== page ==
- "The Fuzzy Boots Corollary," the Big Bang Theory (1.03)

On writing

That's the good news and the bad news. The bad news, because it means that confronting terror and humiliation is part of the job description. Good news, because it happens to everybody, it comes with the turf, and each time out will be like the first time. First love only happens once, but first-fiction terror and euphoria can happen again and again.
 So haul out your Moleskin or boot up the iBook, and go scare the hell out of yourself. Then fall in love. Repeat when necessary. 

- Tim Tomlinson, "Fiction," The Portable MFA in Creative Writing


When the plug is pulled from under you & you get reduced to the basics, you realize what really, truly matters.


The beginning of the end

There’s always a moment when you start to fall out of love, whether it’s with a person or an idea or a cause, even if it’s one you only narrate to yourself years after the event: a tiny thing, a wrong word, a false note, which means that things can never be quite the same again.
- Douglas Adams

"If I should have a daughter" - Sarah Kay

"Baby," I'll tell her, "remember, your mama is a worrier, and your papa is a warrior, and you are the girl with small hands and big eyes who never stops asking for more."



We talk about the tragedy of false notions, the link between discovery and despair, the joy of understatement. When there is a knock on the door, a request to take a minute of our time, I say sure. We are inside the story, and to the students outside, I say, sure, come on in.
excerpted from "Geography Lesson," Conchitina Cruz

Brought as reading material Conchitina Cruz' Disappear - a book of poetry on our many disappearances: within ourselves, society, inside and outside a story/ stories, the city.

I love the way Cruz uses language - moving and poignant- and what it reveals. In "Geography Lesson" in particular, the subject was despair: and how, depending on your geopolitical location, you may have the luxury for it or you may not.

On a personal note, it got me thinking, given the choice, would you live a life worthy of poetry?  

(Thank you, Turtle, for this book recommendation!)


Hello from El Nido

At Matinloc Shrine

Still here in town, trying to finish a deadline. I love this place so much, I'm delaying going back to Puerto Princessa (which gives me around 6 more hours to work in this awesome place). =)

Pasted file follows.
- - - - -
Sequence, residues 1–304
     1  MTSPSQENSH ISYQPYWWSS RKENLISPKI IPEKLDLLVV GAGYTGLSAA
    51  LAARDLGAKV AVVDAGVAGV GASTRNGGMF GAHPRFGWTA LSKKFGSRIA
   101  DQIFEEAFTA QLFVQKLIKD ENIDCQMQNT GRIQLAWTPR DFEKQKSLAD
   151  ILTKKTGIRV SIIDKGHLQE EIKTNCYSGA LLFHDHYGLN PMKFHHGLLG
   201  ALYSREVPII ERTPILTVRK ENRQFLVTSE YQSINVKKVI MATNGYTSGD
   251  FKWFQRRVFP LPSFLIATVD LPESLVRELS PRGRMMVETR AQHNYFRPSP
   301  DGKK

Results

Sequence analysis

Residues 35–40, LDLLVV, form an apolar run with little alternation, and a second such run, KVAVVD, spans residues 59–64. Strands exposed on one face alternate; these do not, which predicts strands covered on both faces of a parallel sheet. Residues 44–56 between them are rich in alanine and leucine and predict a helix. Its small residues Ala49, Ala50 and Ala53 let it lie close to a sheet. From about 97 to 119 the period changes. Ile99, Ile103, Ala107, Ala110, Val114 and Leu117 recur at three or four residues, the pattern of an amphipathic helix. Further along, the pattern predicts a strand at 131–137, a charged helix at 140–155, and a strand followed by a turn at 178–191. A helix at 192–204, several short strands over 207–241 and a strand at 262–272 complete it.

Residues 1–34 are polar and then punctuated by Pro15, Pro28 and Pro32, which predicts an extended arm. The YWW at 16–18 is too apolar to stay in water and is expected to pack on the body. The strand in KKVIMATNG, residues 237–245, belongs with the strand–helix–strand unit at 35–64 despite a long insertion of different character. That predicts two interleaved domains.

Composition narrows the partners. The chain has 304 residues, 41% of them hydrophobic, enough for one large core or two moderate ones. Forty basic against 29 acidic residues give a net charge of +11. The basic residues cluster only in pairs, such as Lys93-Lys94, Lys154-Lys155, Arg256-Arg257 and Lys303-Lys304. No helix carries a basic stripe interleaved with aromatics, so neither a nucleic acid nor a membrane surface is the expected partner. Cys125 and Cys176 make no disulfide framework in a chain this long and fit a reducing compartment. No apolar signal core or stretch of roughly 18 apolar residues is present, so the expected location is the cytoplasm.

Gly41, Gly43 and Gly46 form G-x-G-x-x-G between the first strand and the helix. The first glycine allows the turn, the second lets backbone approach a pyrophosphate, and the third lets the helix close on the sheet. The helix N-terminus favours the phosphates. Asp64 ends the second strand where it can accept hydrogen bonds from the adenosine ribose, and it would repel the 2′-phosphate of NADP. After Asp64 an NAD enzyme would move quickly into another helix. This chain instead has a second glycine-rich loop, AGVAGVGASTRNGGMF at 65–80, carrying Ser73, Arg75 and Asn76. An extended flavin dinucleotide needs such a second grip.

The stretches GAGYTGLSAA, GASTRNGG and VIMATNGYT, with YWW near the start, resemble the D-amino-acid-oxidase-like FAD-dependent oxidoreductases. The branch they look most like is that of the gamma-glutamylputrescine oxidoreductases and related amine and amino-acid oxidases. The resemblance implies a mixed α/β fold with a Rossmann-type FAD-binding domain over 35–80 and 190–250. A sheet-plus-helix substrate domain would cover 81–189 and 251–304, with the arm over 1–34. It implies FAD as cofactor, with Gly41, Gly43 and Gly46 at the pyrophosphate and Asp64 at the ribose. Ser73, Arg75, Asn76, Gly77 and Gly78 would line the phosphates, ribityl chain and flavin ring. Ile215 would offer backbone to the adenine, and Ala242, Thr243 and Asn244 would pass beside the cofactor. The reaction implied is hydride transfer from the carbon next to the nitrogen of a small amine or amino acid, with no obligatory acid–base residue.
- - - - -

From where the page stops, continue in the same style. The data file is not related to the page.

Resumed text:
For 2012: Integrity and Love

This post is a bit late, after all we have been 11 days to 2012, but two words that I'd really like to achieve for the year: integrity and love.

Integrity, not in the "doing what's right even when no one is looking" sense (although that's cool, too), but integrity as a condition of wholeness, of being complete; that's one of the primary goals for 2012.

The second being love. Looking back, 2011 has truly been the #giddinessmagnet year (thank you, Universe). There were those moments of magic that lifted my feet off the ground and had me walking on air, i.e. the backpacking trip (B-2011) that allowed me and my girlfriends to escape the humdrum of everyday life and go on a 3-week adventure across Southeast Asia, those published pieces on Pulse.ph and an entry on hellogiggles.com, etc. These are great, yes, but quite sporadic. And for the year, the goal, really, is to be more consistent when it comes to doing the things that make me giddy. And what is kilig-made-permanent but love?

 The commitment I'm making to myself this year is to go after those things that make me whole with a greater sense of consistency this time around. So, to kick start that, a short list for myself:

1. Meet my deadlines. Self-imposed or client-imposed.
2. Treat writing as a necessary adventure, not just an escape. Make it a regular fixture.
3. Embark on those projects thought of in 2011.
4. Allocate mullah only on those things that truly count.
5. Give.  
6. Forgive.
7. Let go of unnecessary baggage.
8. Think twice before booking a trip (no more impulse-ticket buying).
9. Work towards a job I'll be happier with.
10. Be more present in whatever task I'm involved in.
11. Use the calendar more by penciling in schedules and to-dos. Plot goals and targets with a more long-term approach. 
12. Cook more and eat better.


This is your year.

Happy New Year!

Some eye-candy start-of-the-year reminders for all of us this 2012: 

1. Embrace it.

Super Swoon
2. Go for what you love.

Jessica Svedsen

3. Do.
from etsy